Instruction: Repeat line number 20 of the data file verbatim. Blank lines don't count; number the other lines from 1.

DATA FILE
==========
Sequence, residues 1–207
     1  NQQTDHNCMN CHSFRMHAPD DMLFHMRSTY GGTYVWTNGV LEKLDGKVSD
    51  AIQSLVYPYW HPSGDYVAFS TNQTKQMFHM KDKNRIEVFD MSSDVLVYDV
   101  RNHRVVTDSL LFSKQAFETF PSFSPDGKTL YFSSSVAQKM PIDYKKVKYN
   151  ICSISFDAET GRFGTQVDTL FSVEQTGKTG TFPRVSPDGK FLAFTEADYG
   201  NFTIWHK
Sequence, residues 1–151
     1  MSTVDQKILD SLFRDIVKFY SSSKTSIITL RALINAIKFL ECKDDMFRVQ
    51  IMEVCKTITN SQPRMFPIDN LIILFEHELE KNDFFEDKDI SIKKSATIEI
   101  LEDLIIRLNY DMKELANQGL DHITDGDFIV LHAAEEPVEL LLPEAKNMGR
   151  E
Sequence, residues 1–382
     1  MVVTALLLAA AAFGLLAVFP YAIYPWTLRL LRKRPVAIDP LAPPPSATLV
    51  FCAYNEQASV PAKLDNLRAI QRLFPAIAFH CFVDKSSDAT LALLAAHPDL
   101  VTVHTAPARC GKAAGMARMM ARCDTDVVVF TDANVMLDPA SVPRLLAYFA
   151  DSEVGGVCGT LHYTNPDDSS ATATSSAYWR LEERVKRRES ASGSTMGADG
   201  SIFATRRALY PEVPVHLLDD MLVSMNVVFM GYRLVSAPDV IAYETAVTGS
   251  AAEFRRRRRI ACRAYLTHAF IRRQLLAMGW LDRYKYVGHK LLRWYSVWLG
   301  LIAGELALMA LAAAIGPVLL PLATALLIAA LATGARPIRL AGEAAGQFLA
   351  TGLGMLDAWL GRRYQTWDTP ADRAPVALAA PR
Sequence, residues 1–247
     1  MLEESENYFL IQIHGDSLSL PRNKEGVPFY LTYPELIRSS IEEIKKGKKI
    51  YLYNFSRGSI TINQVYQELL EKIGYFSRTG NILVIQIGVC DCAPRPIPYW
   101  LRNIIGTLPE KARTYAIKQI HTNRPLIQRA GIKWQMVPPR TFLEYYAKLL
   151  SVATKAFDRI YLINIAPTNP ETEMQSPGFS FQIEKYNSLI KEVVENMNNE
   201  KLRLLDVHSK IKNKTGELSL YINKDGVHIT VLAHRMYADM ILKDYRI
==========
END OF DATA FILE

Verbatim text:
   351  TGLGMLDAWL GRRYQTWDTP ADRAPVALAA PR